• 15:40 Afternoon Tea

    16:00 OPPORTUNITIES IN DNA DELIVERY

    Dr Martin Emanuele

    Dr Martin Emanuele, Vice President, Research & Business Development, CytRx

  • Overview of non-viral DNA delivery systems
  • Applications in DNA vaccines and gene therapy
  • Safety and efficacy considerations
  • The market for DNA vaccines and delivery systems
  • Strategy for commercialising DNA vaccine delivery systems: case study of Poloxamer based systems
  • 16:30 THE FOREIGN BODY RESPONSE TO BIO-ERODIBLE SUBCUTANEOUS IMPLANTS

    Robert J Leonard

    Robert J Leonard, Vice President, Apollo BioPharmaceuticals

  • Histopathology of explants from 3-13 months post-implantation
  • Light microscopy
  • Scanning electron microscopy
  • Lymphatics
  • Macrophage / foam cell transport
  • 17:00 Chairman's Closing Remarks and Close of Conference

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    Workshops

    Adding Value through drug delivery systems
    Workshop

    Adding Value through drug delivery systems

    The Colonnade
    15th June 2001
    Boston, USA

    The Colonnade

    .
    Boston
    USA

    The Colonnade

    HOTEL BOOKING FORM

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    WHAT IS CPD?

    CPD stands for Continuing Professional Development’. It is essentially a philosophy, which maintains that in order to be effective, learning should be organised and structured. The most common definition is:

    ‘A commitment to structured skills and knowledge enhancement for Personal or Professional competence’

    CPD is a common requirement of individual membership with professional bodies and Institutes. Increasingly, employers also expect their staff to undertake regular CPD activities.

    Undertaken over a period of time, CPD ensures that educational qualifications do not become obsolete, and allows for best practice and professional standards to be upheld.

    CPD can be undertaken through a variety of learning activities including instructor led training courses, seminars and conferences, e:learning modules or structured reading.

    CPD AND PROFESSIONAL INSTITUTES

    There are approximately 470 institutes in the UK across all industry sectors, with a collective membership of circa 4 million professionals, and they all expect their members to undertake CPD.

    For some institutes undertaking CPD is mandatory e.g. accountancy and law, and linked to a licence to practice, for others it’s obligatory. By ensuring that their members undertake CPD, the professional bodies seek to ensure that professional standards, legislative awareness and ethical practices are maintained.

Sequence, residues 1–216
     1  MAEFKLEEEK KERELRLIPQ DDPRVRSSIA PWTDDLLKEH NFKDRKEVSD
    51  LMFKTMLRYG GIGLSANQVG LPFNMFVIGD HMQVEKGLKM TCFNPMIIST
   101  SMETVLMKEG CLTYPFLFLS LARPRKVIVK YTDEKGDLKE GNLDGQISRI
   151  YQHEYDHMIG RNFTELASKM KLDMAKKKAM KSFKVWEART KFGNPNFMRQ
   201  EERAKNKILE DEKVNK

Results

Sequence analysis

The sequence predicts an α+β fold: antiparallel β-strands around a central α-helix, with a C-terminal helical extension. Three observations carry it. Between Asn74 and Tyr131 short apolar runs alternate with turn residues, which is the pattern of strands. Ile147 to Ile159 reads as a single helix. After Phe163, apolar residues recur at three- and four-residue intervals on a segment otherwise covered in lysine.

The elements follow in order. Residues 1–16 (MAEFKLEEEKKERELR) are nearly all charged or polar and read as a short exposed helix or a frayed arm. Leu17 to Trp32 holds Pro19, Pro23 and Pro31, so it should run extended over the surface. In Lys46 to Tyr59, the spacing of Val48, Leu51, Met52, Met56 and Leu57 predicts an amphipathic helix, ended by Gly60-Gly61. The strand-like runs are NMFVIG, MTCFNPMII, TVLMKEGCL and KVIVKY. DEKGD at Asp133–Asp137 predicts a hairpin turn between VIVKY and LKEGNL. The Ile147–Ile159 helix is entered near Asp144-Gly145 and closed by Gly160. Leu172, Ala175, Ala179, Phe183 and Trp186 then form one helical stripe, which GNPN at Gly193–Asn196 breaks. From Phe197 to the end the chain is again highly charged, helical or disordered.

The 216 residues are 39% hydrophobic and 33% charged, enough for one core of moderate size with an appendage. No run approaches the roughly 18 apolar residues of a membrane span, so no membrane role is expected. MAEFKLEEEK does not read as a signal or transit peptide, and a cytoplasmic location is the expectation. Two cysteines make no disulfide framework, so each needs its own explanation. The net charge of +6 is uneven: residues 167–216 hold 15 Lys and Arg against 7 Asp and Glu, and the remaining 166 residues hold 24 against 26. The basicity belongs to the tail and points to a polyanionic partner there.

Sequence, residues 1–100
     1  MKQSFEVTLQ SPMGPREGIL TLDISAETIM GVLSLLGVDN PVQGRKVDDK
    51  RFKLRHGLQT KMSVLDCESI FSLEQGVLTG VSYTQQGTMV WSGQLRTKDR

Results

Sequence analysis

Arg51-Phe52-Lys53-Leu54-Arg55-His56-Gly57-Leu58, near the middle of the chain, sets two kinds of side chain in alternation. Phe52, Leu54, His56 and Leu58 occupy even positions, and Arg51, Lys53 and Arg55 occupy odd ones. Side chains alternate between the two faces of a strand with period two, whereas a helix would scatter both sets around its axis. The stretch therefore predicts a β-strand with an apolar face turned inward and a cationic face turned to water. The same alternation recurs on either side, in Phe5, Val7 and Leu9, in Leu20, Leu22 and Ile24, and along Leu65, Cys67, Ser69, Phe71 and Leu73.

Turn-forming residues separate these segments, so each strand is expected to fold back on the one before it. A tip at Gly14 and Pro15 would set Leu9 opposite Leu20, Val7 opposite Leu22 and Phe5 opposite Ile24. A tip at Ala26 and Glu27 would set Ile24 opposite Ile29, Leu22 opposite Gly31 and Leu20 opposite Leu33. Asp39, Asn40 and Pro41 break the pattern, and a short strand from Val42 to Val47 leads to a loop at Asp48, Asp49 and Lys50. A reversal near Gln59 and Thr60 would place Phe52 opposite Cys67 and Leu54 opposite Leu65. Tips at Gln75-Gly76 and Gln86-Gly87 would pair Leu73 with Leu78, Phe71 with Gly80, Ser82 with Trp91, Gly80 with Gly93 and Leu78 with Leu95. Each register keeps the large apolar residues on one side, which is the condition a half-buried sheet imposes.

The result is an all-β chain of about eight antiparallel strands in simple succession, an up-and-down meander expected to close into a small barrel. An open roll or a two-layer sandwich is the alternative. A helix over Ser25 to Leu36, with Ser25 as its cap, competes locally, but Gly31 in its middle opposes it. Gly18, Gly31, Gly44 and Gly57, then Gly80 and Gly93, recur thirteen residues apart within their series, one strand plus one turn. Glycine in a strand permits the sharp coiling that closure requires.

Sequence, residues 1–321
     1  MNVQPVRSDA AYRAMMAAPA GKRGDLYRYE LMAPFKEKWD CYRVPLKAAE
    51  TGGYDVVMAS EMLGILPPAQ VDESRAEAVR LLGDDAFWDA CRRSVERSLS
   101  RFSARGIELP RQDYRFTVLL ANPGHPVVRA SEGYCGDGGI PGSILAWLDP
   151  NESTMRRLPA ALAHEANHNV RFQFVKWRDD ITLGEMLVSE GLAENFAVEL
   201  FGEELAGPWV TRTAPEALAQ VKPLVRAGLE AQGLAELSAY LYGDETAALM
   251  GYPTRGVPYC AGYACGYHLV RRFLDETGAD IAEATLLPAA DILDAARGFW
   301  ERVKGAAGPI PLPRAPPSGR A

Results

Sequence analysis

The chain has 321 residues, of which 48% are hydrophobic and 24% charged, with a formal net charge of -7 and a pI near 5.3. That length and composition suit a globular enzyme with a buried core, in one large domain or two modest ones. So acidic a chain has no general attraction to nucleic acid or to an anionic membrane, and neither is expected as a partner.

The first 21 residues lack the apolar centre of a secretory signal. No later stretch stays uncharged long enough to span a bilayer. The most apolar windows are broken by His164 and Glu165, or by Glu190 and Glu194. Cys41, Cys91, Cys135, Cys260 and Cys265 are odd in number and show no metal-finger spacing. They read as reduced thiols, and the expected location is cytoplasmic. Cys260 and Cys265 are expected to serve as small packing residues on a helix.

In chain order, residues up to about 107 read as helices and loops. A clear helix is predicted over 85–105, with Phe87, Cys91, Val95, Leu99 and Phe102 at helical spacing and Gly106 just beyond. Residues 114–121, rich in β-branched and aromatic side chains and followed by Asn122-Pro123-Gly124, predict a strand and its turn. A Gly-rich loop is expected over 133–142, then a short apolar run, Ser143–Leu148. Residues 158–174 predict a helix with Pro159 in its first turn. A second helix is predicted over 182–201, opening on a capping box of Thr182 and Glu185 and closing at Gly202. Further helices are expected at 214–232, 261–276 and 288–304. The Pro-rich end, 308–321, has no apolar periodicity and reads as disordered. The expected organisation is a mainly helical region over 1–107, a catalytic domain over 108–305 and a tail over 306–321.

CPD Schemes often run over the period of a year and the institutes generally provide online tools for their members to record and reflect on their CPD activities.

    TYPICAL CPD SCHEMES AND RECORDING OF CPD (CPD points and hours)

    Professional bodies and Institutes CPD schemes are either structured as ‘Input’ or ‘Output’ based.

    ‘Input’ based schemes list a precise number of CPD hours that individuals must achieve within a given time period. These schemes can also use different ‘currencies’ such as points, merits, units or credits, where an individual must accumulate the number required. These currencies are usually based on time i.e. 1 CPD point = 1 hour of learning.

    ‘Output’ based schemes are learner centred. They require individuals to set learning goals that align to professional competencies, or personal development objectives. These schemes also list different ways to achieve the learning goals e.g. training courses, seminars or e:learning, which enables an individual to complete their CPD through their preferred mode of learning.

    The majority of Input and Output based schemes actively encourage individuals to seek appropriate CPD activities independently.

    As a formal provider of CPD certified activities, SMI Group can provide an indication of the learning benefit gained and the typical completion. However, it is ultimately the responsibility of the delegate to evaluate their learning, and record it correctly in line with their professional body’s or employers requirements.

    GLOBAL CPD

    Increasingly, international and emerging markets are ‘professionalising’ their workforces and looking to the UK to benchmark educational standards. The undertaking of CPD is now increasingly expected of any individual employed within today’s global marketplace.

    CPD Certificates

    We can provide a certificate for all our accredited events. To request a CPD certificate for a conference , workshop, master classes you have attended please email events@smi-online.co.uk